The Caregivers - Mother & caregiver

75, and still looking after son

They come from all walks of life – parents, spouses, children, even strangers – but the trials they face are similar. Long hours often on top of a full-time job, emotional and physical strain, and all too often, financial stress as well. Yet they toil on, day after gruelling day, driven by love and family bonds.

Madam Tan Pek Eng is 75, has high blood pressure and high cholesterol and has a metal plate inserted in her knee.

But failing health has not stopped her from caring for her paraplegic, bedridden son, Mr Chun Ee Chew, 53.

The family has a maid, but Madam Tan insists on taking charge.

Every morning, she starts her day by cleaning his soiled diapers. It's a messy business and, given her age, can take up to two hours.

After washing up, she serves him breakfast. Next, she helps him exercise his legs and massages him for half an hour. When he gets bed sores, she helps change the dressing and apply medicine. "If we turn him once every three hours or so, bed sores may not occur," she said. "But I am growing old and not as efficient as I used to be."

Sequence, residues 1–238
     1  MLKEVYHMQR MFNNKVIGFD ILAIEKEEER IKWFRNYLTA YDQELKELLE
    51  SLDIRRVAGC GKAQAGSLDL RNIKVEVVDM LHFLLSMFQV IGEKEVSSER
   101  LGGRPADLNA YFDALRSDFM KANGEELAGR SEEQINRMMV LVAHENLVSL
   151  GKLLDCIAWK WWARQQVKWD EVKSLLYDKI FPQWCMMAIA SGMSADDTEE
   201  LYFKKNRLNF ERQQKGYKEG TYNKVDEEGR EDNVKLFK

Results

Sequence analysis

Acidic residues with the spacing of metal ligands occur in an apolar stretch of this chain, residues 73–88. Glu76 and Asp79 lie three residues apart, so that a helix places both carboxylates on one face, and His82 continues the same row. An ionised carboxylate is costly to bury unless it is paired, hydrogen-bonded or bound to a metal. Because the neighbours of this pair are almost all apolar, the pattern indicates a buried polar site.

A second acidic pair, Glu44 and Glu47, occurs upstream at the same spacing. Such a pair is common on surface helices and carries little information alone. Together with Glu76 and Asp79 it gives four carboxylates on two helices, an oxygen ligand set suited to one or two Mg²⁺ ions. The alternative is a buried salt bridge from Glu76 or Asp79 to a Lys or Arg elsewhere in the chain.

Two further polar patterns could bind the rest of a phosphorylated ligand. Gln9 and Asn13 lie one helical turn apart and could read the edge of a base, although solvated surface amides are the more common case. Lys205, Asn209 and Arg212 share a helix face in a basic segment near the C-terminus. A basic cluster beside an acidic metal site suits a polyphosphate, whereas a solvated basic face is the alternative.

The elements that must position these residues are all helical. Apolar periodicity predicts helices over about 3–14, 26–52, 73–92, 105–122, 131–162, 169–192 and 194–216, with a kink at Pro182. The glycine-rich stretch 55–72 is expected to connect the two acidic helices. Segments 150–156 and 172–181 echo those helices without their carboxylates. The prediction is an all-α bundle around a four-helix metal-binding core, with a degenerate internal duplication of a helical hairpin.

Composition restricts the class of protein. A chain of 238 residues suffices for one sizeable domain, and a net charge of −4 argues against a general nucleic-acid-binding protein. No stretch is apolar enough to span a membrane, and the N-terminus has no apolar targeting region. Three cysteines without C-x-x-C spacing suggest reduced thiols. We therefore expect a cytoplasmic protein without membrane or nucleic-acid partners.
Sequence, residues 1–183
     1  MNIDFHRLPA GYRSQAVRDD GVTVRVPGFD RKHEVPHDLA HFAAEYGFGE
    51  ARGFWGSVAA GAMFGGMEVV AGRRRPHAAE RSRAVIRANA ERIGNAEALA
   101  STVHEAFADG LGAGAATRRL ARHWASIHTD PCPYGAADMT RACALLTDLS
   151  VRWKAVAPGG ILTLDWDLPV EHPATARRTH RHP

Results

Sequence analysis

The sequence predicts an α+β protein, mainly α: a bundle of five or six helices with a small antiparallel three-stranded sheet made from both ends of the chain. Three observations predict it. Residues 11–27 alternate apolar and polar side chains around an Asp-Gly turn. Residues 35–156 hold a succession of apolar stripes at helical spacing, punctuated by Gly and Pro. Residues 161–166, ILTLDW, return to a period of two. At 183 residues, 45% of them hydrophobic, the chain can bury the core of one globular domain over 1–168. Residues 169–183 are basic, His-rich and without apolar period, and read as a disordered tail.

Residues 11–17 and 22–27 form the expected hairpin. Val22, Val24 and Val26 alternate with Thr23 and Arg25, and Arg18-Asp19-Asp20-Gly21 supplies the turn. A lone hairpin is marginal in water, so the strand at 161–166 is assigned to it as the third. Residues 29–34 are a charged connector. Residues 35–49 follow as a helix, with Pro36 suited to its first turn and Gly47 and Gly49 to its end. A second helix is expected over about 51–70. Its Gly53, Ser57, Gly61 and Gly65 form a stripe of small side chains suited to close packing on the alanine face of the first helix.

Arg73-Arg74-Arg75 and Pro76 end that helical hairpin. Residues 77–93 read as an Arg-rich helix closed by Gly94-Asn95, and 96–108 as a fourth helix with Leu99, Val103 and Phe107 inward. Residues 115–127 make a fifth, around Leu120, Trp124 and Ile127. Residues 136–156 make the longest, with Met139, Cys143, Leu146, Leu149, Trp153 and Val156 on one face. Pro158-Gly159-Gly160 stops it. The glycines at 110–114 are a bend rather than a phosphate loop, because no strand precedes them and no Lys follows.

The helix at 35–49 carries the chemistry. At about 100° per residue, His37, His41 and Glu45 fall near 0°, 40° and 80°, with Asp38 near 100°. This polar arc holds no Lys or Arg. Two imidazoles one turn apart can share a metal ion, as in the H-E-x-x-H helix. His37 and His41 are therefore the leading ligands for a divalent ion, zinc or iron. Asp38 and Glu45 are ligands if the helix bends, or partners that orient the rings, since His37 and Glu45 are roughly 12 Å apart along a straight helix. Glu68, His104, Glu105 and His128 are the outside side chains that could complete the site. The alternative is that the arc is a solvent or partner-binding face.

It is what she has been doing for 25 years, ever since the second of her seven children had a motorcycle accident in 1988. And she's not about to give up.

The family maid, Ms Ngatpiati, 43, who has been helping look after Mr Chun for nearly two years, showers him and cleans his urine bag.

"But she has many other duties, so I take over as much as I can," said Madam Tan in Mandarin.

It is tiring as her son, who is paralysed on his right side, is heavy. "I have no choice."

The strong-willed woman's love for her son is obvious as she describes his motorcycle accident. "He was a good, helpful boy, taking a friend who had hurt his leg to see a doctor," she said. "He got hit by a taxi and it changed his life."

One of her younger sons, a taxi driver, his wife and teenage daughter share the flat.

"It's good to have them live with us," said Madam Tan. "I don't think I could deal with medical emergencies alone at my age."

Like his mother, Mr Chun also has high cholesterol and diabetes. Mother and son spend $350 a month on medicines.

"I feel touched that she has taken care of me for so long," Mr Chun says. "But I've had a tough life too, not being able to do so many things I want to do."

When he was better, he used to travel to Waterloo Street to sell packets of tissue paper. "But the income was very little."

He would like to move to a nursing home to spare his ageing mother the daily stresses of caring for him.

"But we must pay a lot of money. Difficult," he says.

He did not leave the flat for 11 years after his accident. The family was able to afford a wheelchair and the services of a maid only in 1999, after receiving an insurance payout for the accident.

Mr Chun tries not to think of those days, but of more pleasant times.

"Once my mother bought me two durians," he says, his face breaking into a smile for the first time. "I was so happy."